What It’s Actually Like Having a Toddler With ADHDby Lauren Schaefer
Please be aware that before reading this, I have not had my child ‘tested’ or ‘diagnosed’ in any way. My awareness of my daughter’s ADHD is based on first-hand experience as someone with ADHD myself, not by a medical professional’s opinion.
So, my toddler has ADHD. I know this because I was diagnosed with having ADHD at age four. I have spent my whole life learning to live with my condition and to fit in not only with society, colleagues and friends, but with my own family unit too. My toddler is, for lack of a better word, my clone. Her mind is 100% on the same wavelength as my own, which is why I am confident enough to say that she does have ADHD, just like me.
Attention Deficit Hyperactive Disorder is a condition which usually affects children age six and up, but it can be spotted earlier if you know what you are looking for. I knew that from those very first months, that Alice was special. As soon as she was born, her head shot up; she was looking around at her brand new world like a meerkat. Her eyes were all-knowing, taking everything in. She was such a happy little baby, and still is today. She knows what she wants and is a truly independent soul. When she started walking and talking at age one, I began noticing little things that she did differently to other babies her age. She wouldn’t sit still to do anything like building blocks or play with interactive toys for more than five seconds at a time, and now that she is older, her understanding levels rival that of a three to four-year-old even though she has only just turned two.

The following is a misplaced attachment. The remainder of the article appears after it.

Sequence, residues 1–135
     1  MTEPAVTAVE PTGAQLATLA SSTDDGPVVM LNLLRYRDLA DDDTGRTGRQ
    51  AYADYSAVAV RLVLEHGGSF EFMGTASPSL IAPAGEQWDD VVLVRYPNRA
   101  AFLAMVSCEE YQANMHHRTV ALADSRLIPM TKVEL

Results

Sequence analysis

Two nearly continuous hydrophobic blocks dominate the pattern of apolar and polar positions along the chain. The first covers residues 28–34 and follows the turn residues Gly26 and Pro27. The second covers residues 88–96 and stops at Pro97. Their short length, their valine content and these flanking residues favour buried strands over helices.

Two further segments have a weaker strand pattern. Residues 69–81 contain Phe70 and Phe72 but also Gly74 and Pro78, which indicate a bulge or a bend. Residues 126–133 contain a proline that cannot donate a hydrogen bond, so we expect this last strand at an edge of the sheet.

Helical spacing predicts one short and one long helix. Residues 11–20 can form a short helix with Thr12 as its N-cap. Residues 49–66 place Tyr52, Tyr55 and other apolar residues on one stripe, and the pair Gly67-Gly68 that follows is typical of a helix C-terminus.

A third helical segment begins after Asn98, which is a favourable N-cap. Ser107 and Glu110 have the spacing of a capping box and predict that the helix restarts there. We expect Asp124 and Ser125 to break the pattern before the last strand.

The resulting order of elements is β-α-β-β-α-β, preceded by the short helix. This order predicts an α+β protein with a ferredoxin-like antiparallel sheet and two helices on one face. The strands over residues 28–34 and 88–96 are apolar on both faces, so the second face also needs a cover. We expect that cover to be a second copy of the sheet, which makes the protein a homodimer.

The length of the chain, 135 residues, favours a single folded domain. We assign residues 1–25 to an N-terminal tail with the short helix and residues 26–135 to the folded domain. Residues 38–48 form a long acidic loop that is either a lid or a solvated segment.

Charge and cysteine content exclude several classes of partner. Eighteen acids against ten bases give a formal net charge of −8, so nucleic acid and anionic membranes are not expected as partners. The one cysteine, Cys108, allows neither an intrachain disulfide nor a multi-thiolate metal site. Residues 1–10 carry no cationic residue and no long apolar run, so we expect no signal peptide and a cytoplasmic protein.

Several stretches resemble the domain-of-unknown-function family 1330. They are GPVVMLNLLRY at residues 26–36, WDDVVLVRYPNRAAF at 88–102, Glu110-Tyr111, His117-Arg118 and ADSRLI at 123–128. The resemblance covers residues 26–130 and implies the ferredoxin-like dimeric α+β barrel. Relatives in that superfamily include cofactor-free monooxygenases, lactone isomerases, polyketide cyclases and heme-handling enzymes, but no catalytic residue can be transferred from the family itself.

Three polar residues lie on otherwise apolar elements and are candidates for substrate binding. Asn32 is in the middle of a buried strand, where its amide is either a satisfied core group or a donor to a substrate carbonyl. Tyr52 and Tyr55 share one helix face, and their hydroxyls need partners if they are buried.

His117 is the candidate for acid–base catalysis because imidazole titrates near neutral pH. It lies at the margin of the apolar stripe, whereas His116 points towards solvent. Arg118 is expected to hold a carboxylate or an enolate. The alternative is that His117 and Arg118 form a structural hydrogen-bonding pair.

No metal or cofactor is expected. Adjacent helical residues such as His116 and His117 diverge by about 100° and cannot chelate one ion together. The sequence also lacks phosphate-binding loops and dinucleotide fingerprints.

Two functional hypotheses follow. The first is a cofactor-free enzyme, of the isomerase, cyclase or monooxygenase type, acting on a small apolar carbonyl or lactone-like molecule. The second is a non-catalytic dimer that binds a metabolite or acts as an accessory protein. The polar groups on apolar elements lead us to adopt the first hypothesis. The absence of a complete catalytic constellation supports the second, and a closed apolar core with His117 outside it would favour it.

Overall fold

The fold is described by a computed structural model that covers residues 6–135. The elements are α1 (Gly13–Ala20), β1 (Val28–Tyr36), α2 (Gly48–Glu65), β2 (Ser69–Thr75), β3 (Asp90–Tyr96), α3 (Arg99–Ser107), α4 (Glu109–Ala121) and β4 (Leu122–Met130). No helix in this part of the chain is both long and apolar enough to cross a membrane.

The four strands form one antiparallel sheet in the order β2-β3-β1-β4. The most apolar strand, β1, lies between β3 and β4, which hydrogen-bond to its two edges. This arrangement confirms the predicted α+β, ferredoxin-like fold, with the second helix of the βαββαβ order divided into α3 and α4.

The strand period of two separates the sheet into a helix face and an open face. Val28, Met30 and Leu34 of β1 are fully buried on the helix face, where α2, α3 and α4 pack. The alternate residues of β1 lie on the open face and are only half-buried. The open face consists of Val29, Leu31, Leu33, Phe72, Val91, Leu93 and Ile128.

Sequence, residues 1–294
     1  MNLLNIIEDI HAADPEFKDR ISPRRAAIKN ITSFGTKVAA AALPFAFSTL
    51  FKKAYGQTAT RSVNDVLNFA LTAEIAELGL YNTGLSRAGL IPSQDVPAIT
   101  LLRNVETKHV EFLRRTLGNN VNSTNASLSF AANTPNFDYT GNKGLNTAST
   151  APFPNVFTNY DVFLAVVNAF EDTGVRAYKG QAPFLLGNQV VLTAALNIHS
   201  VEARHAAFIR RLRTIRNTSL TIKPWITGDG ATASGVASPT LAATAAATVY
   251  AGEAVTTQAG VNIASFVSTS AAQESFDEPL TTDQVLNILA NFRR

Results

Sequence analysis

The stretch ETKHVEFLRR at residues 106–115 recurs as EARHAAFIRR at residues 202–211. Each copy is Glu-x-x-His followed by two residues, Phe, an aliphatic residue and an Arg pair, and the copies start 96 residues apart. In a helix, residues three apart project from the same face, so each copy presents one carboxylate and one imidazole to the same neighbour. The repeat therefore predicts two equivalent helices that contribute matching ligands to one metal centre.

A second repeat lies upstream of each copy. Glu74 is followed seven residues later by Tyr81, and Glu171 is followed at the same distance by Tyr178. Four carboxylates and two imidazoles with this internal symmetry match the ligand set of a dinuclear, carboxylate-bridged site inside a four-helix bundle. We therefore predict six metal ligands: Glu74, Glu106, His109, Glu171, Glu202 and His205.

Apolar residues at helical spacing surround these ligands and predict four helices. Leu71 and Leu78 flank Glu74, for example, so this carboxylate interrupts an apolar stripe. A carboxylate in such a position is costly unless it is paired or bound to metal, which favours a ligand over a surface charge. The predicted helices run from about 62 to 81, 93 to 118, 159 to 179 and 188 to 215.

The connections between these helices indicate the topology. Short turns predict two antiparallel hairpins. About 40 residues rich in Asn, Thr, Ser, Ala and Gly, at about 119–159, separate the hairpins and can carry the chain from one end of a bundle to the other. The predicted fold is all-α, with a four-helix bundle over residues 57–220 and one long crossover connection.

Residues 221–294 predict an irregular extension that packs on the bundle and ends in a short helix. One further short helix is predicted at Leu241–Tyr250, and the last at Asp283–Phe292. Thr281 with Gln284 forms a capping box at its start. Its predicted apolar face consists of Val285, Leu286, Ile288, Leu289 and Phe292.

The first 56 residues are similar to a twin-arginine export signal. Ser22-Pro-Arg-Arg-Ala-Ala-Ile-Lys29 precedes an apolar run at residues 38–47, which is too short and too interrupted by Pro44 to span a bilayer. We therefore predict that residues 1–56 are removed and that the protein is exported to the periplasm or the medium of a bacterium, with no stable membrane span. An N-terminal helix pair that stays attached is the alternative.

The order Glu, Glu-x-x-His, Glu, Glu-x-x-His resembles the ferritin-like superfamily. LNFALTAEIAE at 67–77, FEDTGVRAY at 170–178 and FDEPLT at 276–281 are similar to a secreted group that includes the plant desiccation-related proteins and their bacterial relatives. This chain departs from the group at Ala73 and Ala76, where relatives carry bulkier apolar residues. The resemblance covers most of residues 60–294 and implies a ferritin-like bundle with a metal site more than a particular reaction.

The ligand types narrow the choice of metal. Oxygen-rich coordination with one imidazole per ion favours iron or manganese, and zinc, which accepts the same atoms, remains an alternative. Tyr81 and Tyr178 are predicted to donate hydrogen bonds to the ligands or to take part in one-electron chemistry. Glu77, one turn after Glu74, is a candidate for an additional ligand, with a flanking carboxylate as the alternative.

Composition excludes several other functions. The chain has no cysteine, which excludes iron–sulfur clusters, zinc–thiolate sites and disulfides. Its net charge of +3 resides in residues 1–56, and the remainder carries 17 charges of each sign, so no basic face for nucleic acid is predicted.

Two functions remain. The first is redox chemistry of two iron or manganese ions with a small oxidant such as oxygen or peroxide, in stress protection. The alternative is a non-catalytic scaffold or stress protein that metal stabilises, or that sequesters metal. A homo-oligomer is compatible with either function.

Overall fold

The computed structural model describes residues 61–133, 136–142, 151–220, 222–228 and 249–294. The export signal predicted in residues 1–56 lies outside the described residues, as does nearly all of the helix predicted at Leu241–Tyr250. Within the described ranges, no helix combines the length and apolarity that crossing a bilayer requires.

Her attention span is so short that I still haven’t been able to read a book with her from start to finish. She always has a million things on the go, and I have to keep up with her (quite literally) all the time. Now that Alice has started attending sessions at nursery, the difference to those her age is only more apparent. I have been told that moving her up from the baby room into the toddler group will be difficult, as she still needs one-to-one care. The ratios in the older group are 1:4, so this will have to be looked into and planned out carefully for Alice. She can’t help herself when she sees something she wants, which moves us onto impulses.
Controlling an impulse at any age is difficult. That one extra chocolate even though you know you shouldn’t, or starting to watch a new Netflix series when you have better things to do with your time. Toddlerhood is a stage where kids learn their boundaries, and push them as far as they will go throughout the day. When you see your child about to touch a plug socket, instinct tells us to shout to warn them if we are too far away to pull them back, which usually stops them in their tracks. With Alice, a bomb could go off and she would still go for it. It doesn’t matter what I say or do, so I have to constantly be near her as she doesn’t realise the consequences of her actions. She would leap from her high chair or run into the road if I wasn’t there. This means I only really trust a handful of close family members to look after her who know her behavioural traits and can predict things she is about to do before she does it.
We love going out, and we take part in baby classes twice a week to keep up with her energy levels. She is a little pocket rocket, which actually means that like a Duracell bunny, she runs out pretty quickly if she’s entertained and fed little and often. She sleeps very well (I don’t know what I would do if she didn’t) as she is full-on from 6 am to 7 pm. She naps once a day for 1-2 hours as well, giving me enough time to recharge before it’s time to wake her up. I have had many people (strangers too) say, “I don’t know how you do it”, or “I wouldn’t last a day with her”, and I believe them! You have to be on the ball from the get-go, and I know that my capabilities to raise a child with ADHD is spurred on from having it too.
I have learnt a lot from my own experiences, but still find it difficult in many scenarios I am faced with. My family will never truly understand how my brain works, but I take comfort in the fact that I can 100% understand my daughter. She can’t help her nature, any more than the next person can, so I will try and teach her to embrace her differences, to use them positively and wisely to the best of my abilities. She is a gifted child, and my very best gift I could have wished for- as my mum calls her, my little Tasmanian Devil on speed!